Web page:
Info Unfathomless U04 Lignes d’erre & Randons 
"Lignes d’erre & Randons"
by Kassel Jaeger
Unfathomless (UO4)
"Nocturne - Kassel Jaeger"
"Pneuma - Kassel Jaeger"

Kassel Jaeger's URL


fn issue October 2011
'N-Plants' - Biosphere
'Sky Snails' - The Electric Golem
'Echo Park' - Willamette
'Gramophone Transmissions' - Broken Harbour
'Negative Space' - Blue Sausage Infant
'Home Patterning' - compilation
'Polychromatic Integers' - Richard Lainhart
'Generate Records' - compilation
'Sung In Broken Symmetry' - Aquarelle

The Unfathomless label continues its pursual of grimly fluid, introspective, subterranean drone work, a style that's become increasingly widespread in the last year as others follow where Daniel Crokaert and associates lead. Few and far between, though, are those as proficient as Kassel Jaeger. Here the house style is augmented further with a widening of palette through inclusion of electronics, and a deepening of interaction with source material. Not an advocate of processing the life out of his sounds or of letting latent textures overdetermine, the mysterious Kassel Jaeger instead incorporates them wholesale, fully enacting the linkage of sound and idea.

Jaeger recorded ‘rivers shores in Berlin and Köln, wind & pipelines in Paris, air and nocturnal insects in some remote places in France, algae, mudflat and harbor in I’Île de Ré, ultralight aircraft in Pinarello (Corsica) and other sounds in some other hidden places. He comments that “What originated these “lignes d’erre & randons” were sounds collected in different and special spaces which have been important to me. These sounds, trapped into my remembrances, had no other choice than mutate and evolve, drawing subterranean flows and creating a genuine underworld of recollections.” Which perhaps begs the question as to why, if these places were so important, should those sounds be so mutated. Be that as it may, Jaeger, at day time a sound engineer at GRM in Paris, has a fine ear when it comes to recording and treating these sounds. The seven pieces resulting from these sound sources are among the best of this series - works with more to do the world of electro-acoustic sound treatments inhabited by INA/GRM than that of microsound. Jaeger resists the trap of stretching out a limited set of sounds with computer plug-ins, going the extra mile to create multi-layered collage forms, as can be heard to absorbing effect on pieces such as "Nocturne" and "Pneuma."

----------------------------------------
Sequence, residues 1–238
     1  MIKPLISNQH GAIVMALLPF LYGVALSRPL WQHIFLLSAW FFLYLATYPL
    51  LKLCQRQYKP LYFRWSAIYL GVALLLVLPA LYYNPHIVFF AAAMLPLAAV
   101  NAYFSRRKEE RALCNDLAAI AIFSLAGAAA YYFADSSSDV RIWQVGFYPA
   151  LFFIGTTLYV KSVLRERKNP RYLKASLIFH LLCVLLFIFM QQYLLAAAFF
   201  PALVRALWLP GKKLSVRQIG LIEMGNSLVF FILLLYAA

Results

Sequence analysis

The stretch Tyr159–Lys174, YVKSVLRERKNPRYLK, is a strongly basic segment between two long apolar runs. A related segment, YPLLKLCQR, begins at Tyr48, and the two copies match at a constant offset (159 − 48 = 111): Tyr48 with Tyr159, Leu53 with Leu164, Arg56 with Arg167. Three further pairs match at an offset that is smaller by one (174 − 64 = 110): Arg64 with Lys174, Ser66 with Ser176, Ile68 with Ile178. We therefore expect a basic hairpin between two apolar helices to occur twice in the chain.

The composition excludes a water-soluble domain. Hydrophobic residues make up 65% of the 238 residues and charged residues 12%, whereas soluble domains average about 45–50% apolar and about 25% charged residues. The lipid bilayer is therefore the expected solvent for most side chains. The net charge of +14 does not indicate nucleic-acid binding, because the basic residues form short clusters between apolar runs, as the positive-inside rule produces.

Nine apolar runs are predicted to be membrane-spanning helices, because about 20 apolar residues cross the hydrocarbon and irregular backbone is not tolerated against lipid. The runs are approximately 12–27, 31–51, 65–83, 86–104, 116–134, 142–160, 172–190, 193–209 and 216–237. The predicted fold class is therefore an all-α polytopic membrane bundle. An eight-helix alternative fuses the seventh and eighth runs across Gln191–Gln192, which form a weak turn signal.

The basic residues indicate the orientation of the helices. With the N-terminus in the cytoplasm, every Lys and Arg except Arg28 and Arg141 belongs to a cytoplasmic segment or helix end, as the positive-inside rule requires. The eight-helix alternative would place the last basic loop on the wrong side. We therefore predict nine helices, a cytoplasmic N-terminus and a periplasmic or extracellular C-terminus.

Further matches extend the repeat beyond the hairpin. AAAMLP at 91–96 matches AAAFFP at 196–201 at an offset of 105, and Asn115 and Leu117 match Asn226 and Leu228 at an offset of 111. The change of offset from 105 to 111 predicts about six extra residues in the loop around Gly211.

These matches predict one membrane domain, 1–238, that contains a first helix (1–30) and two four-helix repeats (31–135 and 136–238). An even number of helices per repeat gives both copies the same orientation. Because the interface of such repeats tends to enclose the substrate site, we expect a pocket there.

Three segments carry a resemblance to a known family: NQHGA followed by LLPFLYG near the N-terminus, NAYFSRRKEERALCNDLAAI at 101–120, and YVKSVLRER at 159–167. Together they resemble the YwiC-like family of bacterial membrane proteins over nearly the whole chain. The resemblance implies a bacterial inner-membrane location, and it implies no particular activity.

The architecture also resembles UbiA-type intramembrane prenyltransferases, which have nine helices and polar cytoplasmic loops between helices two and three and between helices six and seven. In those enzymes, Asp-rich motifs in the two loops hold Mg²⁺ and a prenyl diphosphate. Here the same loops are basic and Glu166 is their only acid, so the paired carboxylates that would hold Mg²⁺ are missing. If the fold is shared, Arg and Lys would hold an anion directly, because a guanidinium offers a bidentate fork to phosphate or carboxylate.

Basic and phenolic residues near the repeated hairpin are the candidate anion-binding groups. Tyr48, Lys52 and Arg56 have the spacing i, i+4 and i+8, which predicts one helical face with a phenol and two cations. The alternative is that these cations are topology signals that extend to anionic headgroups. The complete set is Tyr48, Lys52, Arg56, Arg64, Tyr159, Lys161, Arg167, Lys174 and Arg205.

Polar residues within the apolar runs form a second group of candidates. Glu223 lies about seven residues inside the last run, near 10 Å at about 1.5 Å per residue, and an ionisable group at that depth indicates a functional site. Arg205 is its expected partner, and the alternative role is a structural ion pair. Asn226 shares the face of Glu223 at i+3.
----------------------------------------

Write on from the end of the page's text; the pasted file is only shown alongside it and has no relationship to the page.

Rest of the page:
Review by Alan Lockett


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